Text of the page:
Plug both decoder boards into the frame.  If needed to get a snug fit on the front board, tap lightly with a small hammer on the tabs with the board out, then plug in again. On the rear board use the solder method on the bottom of the board if needed to get a snug fit.  Connect the wires as shown and test run.

These engine don't have any kind of a hood or light shield around the inside of the cab windows and the LED's mounted on these decoders are quite bright so I ended up removing the cab and painting the inside of the windows with 2 coats of Floquil engine black.

Friday, January 25, 2013

DZ123 in a Kato GP38 or GP50

This material first appeared on my old web site in 2004.

In the late 80's Kato introduced some nice models of the GP38-2 and the GP50 that were built on very similar mechanisms.  These mechanisms were an improvement over what had been available up to that time and another stepping stone to get to what is available today.  It is possible to install a decoder in these older engines and here's how to do it.

The locomotive must be completely disassembled and the frame milled to make room for the decoder.  I sent mine to Aztec Mfg. for milling.

For this project I am using the TM3013 frame to modify a GP50.  This frame would also work for 2nd run of the GP38-2 model.  The TM3011 frame would be used for the 1st run of the GP38-2.

This installation uses the original PC light board. This photo shows the modifications I made to the board.  Cut the board just behind the rear mounting screw holes.  The remaining board should be about 1-7/8 inches long.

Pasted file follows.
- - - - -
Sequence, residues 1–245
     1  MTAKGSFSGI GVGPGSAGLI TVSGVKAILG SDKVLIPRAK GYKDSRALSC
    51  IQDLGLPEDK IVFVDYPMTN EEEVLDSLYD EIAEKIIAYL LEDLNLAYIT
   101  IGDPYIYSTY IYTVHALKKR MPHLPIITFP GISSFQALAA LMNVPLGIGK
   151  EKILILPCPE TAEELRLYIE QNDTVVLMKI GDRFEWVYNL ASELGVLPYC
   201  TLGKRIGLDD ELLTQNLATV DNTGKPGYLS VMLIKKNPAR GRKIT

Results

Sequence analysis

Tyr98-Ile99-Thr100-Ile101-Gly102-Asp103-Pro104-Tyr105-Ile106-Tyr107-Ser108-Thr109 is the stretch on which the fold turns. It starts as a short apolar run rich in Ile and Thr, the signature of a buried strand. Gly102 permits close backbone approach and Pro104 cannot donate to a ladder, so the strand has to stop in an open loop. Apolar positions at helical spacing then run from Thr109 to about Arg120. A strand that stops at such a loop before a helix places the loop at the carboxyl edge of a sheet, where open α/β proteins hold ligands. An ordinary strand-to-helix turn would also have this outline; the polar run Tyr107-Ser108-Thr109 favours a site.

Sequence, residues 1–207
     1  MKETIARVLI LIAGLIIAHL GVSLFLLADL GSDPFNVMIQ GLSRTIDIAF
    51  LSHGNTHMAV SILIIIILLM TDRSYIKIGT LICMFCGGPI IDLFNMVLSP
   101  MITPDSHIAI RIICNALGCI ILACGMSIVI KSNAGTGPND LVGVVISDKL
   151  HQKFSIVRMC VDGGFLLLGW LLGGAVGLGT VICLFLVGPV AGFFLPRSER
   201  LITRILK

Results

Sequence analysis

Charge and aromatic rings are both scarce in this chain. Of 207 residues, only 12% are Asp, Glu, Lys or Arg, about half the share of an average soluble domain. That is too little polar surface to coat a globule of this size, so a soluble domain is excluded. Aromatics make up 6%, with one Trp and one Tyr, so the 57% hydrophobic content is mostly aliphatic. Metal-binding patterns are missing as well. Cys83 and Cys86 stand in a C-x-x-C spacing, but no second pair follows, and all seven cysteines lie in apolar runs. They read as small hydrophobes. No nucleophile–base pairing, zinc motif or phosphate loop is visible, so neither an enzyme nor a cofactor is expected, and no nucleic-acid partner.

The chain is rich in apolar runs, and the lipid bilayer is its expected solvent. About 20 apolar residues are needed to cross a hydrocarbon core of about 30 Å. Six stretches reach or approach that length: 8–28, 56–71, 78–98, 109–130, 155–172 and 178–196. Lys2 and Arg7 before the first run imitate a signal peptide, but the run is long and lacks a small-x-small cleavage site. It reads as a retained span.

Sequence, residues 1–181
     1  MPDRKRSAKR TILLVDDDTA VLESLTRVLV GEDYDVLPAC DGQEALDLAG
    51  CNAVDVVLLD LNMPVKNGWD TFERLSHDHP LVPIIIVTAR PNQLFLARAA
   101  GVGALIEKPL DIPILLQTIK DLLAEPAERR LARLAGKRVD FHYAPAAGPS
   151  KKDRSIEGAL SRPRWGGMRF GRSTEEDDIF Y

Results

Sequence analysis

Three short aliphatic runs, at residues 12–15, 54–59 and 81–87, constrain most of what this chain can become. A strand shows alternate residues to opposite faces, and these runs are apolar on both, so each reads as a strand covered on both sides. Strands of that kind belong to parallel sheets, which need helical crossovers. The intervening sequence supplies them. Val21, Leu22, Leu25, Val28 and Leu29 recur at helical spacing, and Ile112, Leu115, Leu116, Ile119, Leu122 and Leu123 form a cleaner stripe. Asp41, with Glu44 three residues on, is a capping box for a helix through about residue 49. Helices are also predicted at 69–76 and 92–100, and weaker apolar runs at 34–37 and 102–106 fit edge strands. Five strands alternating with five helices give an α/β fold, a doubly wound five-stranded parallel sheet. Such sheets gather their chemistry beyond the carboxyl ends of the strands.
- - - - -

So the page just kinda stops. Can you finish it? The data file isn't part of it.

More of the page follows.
Remove the diode from the front end of the board.  Using the Aztec frame as a guide, file a notch to match the slot on the left side of the frame.

On this particular installation I had used the Digitrax DZ123 decoder.  Digitrax has replaced the DZ123 with the DZ125.  Other decoders that would work include the TCS M1 or Z2, The Zimo MX621, or Lenz Silver Mini.

This photo shows the decoder wired to the board and the motor brush caps installed on the orange and gray wires.  The lengths of the wires are as follows:

Red & Black = 7/8 inch
White & Gray = 1 - 7/8 inch
Orange = 2 - 3/8 inch
Yellow = 1 inch
Blue = 1/2 inch

In this example I used the original light front light bulb and connected the white wire directly.  If an LED is used then put a 480 ohm resistor between the LED and the white wire.  Do the same for the rear LED using the blue wire for the return path.

To give extra protection against any possibility of short circuits, place kapton tape on both the upper and lower parts of the frame, and on the inside of the metal cover as shown in this photo.

Run the orange wire down the left side of the engine to the lower motor brush.  The gray wire goes to the top motor brush.  They both use the notch on the left side of the engine. Install the metal cover being careful not to pinch any of the wires on the guide tab at sticks up from the frame. There will be enough room for the wires between the frame and the metal cover.